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Convert 5.8 x 10 5 to standard notation

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Convert 2.07 x 10 -4 to standard notation

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Study Buddy Review Convert the following to scientific notation: 0.005 g 10,000 m Convert the following to standard notation: 1.5 x 10 -3 dL 2.2 x 10 5 mL

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Study Buddy Review Convert the following to scientific notation: 0.005 g5 x 10 -3 g 10,000 m1 x 10 4 m Convert the following to standard notation: 1.5 x 10 -3 dL0.0015 dL 2.2 x 10 5 mL220,000 mL

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You are 100% responsible for knowing how to work your calculator 23 EXP EE X 10 n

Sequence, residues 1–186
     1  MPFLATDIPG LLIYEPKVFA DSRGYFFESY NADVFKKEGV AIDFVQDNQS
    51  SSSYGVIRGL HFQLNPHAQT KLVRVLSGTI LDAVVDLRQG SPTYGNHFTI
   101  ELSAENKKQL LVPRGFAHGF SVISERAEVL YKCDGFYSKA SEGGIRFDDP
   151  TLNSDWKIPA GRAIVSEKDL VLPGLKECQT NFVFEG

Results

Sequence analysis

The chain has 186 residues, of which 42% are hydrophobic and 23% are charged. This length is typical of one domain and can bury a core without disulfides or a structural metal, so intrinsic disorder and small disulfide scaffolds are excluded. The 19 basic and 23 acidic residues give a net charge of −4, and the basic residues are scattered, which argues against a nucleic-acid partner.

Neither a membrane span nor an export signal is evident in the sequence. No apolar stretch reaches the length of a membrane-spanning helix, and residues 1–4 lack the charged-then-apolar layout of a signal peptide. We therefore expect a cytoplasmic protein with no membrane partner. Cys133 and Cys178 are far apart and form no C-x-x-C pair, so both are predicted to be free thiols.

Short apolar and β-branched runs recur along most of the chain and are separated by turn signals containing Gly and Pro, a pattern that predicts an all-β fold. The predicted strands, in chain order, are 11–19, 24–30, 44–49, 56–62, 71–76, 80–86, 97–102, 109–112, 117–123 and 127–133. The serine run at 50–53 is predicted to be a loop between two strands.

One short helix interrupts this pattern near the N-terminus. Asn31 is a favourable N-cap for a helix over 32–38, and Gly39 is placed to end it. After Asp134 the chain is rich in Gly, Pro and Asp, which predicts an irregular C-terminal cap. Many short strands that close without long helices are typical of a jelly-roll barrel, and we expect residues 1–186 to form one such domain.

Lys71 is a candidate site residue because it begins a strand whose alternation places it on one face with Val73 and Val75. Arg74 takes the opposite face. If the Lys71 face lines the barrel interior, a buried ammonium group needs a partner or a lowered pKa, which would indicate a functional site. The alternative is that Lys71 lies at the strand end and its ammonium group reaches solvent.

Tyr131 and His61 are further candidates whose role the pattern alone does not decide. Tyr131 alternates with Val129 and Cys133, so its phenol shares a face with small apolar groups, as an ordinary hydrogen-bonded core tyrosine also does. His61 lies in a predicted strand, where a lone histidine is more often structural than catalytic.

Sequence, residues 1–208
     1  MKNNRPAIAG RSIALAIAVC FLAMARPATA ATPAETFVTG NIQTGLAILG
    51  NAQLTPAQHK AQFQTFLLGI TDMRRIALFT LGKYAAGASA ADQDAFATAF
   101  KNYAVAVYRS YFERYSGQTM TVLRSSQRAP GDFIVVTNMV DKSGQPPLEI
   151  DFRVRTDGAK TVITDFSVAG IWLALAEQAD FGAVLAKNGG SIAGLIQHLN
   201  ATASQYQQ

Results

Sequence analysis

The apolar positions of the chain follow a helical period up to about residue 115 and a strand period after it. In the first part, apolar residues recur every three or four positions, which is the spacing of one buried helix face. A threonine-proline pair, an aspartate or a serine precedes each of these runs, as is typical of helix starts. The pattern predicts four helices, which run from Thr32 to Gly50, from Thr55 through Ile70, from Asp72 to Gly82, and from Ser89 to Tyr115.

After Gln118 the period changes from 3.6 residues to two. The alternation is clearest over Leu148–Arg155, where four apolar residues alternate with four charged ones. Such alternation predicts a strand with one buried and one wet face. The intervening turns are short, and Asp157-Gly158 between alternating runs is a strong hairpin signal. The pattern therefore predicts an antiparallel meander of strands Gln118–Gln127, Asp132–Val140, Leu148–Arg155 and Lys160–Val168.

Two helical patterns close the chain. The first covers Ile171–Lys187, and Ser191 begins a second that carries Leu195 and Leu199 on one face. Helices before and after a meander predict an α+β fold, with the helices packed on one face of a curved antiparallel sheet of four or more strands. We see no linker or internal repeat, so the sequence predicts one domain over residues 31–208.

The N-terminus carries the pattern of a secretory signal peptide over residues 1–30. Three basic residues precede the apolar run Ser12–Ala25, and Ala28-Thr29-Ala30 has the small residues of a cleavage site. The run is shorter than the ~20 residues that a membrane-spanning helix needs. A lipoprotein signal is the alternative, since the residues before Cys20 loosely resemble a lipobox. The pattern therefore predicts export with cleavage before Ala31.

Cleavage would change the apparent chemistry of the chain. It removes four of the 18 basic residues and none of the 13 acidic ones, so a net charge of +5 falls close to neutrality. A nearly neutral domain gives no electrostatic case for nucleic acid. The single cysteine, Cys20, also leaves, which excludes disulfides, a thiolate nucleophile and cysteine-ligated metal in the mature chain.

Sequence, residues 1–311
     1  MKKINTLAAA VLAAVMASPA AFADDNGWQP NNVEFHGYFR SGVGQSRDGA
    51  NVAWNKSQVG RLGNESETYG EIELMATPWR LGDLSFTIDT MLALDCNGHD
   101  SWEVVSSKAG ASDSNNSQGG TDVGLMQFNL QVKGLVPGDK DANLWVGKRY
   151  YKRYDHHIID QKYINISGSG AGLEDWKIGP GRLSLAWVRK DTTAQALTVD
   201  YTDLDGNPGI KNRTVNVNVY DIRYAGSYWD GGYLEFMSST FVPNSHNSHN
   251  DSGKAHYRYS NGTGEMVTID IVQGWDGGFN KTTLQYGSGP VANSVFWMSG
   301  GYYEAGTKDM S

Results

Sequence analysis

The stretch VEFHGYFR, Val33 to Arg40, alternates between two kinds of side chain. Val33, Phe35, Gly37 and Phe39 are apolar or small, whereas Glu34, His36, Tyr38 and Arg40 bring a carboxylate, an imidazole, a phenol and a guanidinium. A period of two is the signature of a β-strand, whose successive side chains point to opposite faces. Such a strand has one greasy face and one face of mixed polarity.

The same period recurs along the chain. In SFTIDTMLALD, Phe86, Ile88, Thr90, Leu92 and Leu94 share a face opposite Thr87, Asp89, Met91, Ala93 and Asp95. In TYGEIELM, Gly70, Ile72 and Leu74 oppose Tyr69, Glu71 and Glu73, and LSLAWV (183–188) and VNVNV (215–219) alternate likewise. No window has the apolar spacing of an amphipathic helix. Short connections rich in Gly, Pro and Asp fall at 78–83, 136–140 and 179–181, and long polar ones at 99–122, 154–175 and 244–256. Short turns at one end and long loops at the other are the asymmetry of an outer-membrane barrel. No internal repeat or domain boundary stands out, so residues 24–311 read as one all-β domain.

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The Metric System

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Metric and SI units Metric System used in science SI System – International System of units based on metric system –Used to standardize quantities between scientists

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Common Units in Chemistry Quantity it represents SI unitCommon metric unit in Chemistry Lengthmeter (m)centimeter (cm) Masskilogram (kg)gram (g) Volumem 3 (cubic meters) milliliter (mL) Temperature Kelvin (K)Celsius ( o C)

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Common Decimal Prefixes Used with SI Units